iPhone 11 Pro 1.009s 1.021s 1.105s 1.032s
Simulator 1.056s 1.105s 1.118s 1.080s

There’s still a little difference between the different methods, but that can very well be a measurement error. All setups that use dependencies launch a little slower than the “No dependencies” setup, but it’s not any serious amount of time. At 10 dependencies, it’s probably not worth optimizing for.

Winner: Tie!

Round 2: App Size

App download size has always been an important metric, especially before Apple effectively dropped the mobile app download size limit.

Let’s find out how integrating dependencies will affect your app’s size!

Round 2a: xcodebuild build

Running xcodebuild will create a build product in the DerivedData directory that basically is a runnable app. We use this command to generate it:

xcodebuild build \
  -quiet \
  -scheme Dependencies \
  -configuration Release \
  -derivedDataPath DerivedData

We can measure the file size of the artifact using du:

du -sh DerivedData/Build/Products/Release-iphoneos/Dependencies.app

Here are the results:

  No dependencies CocoaPods Carthage SPM
Total Size 140 KB 14 MB 84 MB 12 MB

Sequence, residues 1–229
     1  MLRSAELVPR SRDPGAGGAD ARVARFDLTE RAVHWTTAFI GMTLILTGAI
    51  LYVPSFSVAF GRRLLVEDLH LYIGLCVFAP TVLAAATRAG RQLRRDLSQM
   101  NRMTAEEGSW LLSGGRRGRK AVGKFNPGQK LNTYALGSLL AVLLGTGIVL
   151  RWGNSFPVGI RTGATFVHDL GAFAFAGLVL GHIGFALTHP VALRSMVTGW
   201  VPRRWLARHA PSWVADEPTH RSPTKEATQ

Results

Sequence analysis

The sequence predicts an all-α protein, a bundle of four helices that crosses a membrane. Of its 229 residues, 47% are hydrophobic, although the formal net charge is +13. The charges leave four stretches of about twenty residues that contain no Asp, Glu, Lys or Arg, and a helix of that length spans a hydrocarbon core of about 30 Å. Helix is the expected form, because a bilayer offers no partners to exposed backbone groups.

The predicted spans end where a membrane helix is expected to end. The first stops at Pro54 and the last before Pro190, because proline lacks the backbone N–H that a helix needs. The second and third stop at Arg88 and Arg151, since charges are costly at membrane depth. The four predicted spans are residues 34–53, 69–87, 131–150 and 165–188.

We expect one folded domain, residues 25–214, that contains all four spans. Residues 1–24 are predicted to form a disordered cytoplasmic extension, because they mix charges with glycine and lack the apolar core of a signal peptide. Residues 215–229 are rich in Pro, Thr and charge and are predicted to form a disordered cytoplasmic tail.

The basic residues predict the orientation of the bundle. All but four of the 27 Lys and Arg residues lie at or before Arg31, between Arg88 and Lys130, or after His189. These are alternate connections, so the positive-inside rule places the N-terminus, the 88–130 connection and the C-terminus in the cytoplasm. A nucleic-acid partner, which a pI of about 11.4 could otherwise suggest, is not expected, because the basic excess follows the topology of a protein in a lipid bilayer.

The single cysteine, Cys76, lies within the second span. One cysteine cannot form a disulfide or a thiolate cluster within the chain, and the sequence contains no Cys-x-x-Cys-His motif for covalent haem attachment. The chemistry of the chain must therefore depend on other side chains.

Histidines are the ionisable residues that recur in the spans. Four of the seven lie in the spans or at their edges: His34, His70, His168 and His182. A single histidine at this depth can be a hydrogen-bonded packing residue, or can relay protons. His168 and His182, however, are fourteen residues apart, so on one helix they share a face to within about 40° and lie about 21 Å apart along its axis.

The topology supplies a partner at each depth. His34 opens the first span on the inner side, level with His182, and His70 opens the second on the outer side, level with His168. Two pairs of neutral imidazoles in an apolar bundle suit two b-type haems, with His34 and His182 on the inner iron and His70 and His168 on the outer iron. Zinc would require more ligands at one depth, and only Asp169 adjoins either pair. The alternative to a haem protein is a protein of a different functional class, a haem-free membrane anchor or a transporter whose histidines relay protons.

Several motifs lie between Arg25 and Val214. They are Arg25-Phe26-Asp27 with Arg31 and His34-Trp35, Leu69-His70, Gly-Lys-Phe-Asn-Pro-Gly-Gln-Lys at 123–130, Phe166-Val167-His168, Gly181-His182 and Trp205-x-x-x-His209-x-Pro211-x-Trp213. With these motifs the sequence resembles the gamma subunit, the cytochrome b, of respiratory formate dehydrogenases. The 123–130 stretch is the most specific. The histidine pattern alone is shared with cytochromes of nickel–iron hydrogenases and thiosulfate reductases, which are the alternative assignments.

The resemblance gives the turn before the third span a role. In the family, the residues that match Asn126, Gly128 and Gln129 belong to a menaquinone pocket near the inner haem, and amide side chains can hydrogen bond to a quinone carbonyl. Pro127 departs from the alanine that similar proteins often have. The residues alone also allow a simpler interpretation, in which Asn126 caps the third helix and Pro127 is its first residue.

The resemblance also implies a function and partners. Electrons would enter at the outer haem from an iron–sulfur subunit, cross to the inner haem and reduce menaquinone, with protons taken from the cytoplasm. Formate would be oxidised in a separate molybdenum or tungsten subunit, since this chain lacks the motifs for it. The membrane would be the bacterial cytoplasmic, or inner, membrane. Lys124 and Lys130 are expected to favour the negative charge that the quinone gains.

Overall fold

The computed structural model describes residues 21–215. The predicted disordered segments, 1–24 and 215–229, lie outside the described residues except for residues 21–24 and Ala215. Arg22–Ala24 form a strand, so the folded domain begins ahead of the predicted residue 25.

Executable Size 104 KB 104 KB 104 KB 12 MB
Frameworks Folder Size No Frameworks 14 MB 84 MB No Frameworks

84 Megabytes! Yikes!

I measured the binary executable size separately from the Frameworks folder, which are the two places where compiled code lives. It looks like SPM wins this round, but apps are normally not distributed in a universal, uncompressed way. Let’s see what a thinned app looks like!

Round 2b: App Thinning

iOS 9 introduced App Thinning, which is a technique to reduce .ipa file sizes: By default, the App Store will generate specialized versions for each kind of device, stripping away unneeded assets and executable code. Let’s see how using App Thinning changes the numbers!

First, we build and export an archive so we can export thinned apps locally:

xcodebuild archive \
  -quiet \
  -scheme Dependencies \
  -configuration Release \
  -archivePath 'DerivedData/archive.xcarchive' \
  -derivedDataPath DerivedData

Then, we can build thinned versions for specific devices:

xcodebuild build \
  -quiet \
  -configuration Release \
  -exportArchive \
  -archivePath 'DerivedData/archive.xcarchive' \
  -exportPath 'DerivedData/thinned-ipa' \
  -exportOptionsPlist ../exportOptions.plist

The exportOptions.plist contains the device identifier of the model we’d like to thin for, in this case it’s an iPhone 11 Pro:

<?xml version="1.0" encoding="UTF-8"?>
<!DOCTYPE plist PUBLIC "-//Apple//DTD PLIST 1.0//EN" "http://www.apple.com/DTDs/PropertyList-1.0.dtd">